In the Pipeline: 2/9/11

IER’s Renewable Mandate Map is catching on; MT, CO, MN and MO all consider removing or weakening their energy and job killing mandates Reuters (2/9/11) reports: Republican legislators in Montana, Colorado, Minnesota and Missouri are separately trying to weaken or dismantle the renewable portfolio standards in their states, which are seen as crucial to U.S. efforts to reduce greenhouse gas emissions and develop a globally competitive clean economy…Officials pushing the bills say that energy prices soar and consumers suffer when utilities are required to allocate a certain percentage of electricity from renewable sources like wind and solar. Clean energy groups counter that lowering the bar on state renewable energy policies would stifle new investment and kill jobs…If passed, the bills would go against the trend among most states to strengthen standards and attract clean energy developers by creating a market for renewables, said Jessica Shipley, a fellow at the Washington-based Pew Center on Global Climate Change.

What more do solar companies want? Despite free money and government mandated market share, First Energy cannot fulfill solar energy quotas WKSU (2/9/11) reports: The mandate to increase the number of solar panels in Ohio is generating some gloom among at least one Ohio utility…For the second time in the two years since the state implemented a requirement that Ohio utilities make use ofsolar and other renewable energy, FirstEnergy has asked for an exemption.   Solar power is sold as solar credits, and FirstEnergy spokeswoman Ellen Raines says there are just not enough to go around –..“We worked hard to purchase every credit that was offered to us, but there were simply not enough available for us to meet our goal.”…Ohio is one of 36 states that have some type of renewable energy mandate. The 2008 law requires one-fourth of the energy used in Ohio come from alternative energy sources by 2025, and half that amount, or 12.5 % be generated within the state.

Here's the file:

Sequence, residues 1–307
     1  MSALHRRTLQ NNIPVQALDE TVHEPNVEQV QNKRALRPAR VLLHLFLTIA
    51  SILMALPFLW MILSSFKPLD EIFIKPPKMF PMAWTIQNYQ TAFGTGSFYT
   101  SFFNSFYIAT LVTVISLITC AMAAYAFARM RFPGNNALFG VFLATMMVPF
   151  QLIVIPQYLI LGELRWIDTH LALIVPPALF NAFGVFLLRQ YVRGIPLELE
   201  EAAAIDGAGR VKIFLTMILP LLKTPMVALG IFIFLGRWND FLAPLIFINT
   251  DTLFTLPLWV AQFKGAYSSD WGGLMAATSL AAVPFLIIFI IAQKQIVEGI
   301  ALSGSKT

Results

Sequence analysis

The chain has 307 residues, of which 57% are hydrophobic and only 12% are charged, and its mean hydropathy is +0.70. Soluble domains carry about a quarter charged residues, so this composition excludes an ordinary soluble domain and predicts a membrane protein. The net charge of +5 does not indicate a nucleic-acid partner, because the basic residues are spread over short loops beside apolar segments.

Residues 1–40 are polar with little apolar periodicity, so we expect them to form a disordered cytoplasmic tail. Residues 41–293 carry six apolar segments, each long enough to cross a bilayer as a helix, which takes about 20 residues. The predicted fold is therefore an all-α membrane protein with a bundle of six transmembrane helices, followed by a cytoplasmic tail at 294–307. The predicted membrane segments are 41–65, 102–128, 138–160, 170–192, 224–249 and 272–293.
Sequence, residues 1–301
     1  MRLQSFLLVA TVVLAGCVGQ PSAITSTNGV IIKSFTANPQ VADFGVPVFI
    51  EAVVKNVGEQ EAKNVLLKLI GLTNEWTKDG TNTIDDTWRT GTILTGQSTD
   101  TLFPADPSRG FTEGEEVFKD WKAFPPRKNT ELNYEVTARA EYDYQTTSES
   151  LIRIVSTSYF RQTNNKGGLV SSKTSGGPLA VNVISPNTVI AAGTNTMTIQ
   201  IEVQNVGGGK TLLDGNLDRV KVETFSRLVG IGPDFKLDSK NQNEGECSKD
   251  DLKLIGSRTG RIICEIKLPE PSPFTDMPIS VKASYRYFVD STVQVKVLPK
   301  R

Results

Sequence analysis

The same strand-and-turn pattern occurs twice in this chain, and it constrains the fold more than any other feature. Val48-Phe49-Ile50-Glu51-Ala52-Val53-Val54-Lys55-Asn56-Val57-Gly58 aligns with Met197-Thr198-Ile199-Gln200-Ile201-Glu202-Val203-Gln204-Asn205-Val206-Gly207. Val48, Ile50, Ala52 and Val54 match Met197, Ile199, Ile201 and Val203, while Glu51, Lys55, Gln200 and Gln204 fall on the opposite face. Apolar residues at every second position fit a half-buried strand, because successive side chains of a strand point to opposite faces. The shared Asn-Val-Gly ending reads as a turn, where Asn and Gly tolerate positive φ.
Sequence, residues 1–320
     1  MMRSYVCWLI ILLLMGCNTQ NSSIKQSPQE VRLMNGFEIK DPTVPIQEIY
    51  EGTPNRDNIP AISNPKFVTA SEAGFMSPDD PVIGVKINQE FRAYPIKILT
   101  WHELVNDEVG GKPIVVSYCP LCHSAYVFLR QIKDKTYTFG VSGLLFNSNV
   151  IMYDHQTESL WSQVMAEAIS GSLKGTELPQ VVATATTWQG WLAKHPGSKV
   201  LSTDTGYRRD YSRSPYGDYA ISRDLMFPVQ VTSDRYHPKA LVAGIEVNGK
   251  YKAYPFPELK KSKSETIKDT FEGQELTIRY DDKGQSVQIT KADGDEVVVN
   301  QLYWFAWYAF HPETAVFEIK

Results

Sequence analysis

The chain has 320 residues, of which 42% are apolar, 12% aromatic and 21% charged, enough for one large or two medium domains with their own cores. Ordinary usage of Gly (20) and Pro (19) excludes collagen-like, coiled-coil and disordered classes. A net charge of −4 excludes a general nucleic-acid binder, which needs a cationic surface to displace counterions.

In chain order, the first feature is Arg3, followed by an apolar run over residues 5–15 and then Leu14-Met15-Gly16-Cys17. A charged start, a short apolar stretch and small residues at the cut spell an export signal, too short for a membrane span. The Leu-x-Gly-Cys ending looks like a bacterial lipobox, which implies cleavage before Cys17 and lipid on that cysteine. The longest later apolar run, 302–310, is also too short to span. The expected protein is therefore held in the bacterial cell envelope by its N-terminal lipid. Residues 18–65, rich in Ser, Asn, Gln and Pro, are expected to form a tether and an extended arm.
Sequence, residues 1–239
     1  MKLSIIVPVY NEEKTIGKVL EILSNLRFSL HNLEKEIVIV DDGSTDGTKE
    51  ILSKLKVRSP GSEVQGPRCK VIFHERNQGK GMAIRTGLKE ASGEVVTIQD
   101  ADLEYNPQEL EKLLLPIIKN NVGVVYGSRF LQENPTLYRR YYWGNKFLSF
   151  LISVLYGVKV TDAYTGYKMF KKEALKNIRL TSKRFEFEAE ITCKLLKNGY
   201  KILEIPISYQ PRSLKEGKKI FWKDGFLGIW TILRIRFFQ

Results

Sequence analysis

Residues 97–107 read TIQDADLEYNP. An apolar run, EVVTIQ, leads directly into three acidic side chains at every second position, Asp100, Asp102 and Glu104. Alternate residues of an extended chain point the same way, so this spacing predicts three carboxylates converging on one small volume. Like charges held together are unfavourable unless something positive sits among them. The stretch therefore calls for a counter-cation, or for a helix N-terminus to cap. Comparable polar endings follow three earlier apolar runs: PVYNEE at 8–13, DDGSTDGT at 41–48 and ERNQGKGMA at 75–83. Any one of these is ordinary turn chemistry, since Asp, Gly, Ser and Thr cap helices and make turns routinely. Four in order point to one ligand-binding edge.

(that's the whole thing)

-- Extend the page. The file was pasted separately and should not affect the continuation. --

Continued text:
Who you calling old? President Obama labeled oil and gas companies the energy of yesterday. EV’s were invented in 1830, solar cells were patented in 1888 and wind was commercialized in 1891 The Hill (2/9/11) reports: After recently being branded “yesterday’s energy” by President Obama, the oil-and-gas industry is pushing back at Democratic efforts to roll back tax credits and deductions used by energy companies…Top officials at the American Petroleum Institute (API) on Tuesday said the oil-and-gas industry does not receive favorable tax treatment and called on the administration and Congress to work with the sector to create jobs…“We really believe we are the low-hanging fruit,” said Marty Durbin, the institute’s executive vice president for government affairs. “If the opportunity is provided for us to safely and reliably produce our domestic resources here at home, you’d see enormous benefits to the government in terms of revenue, enormous benefits in terms of jobs.”…He added that it was unfair to tag oil-and-gas companies as an industry of the past, declaring that companies in the field had poured billions of dollars into low- and no-carbon technologies.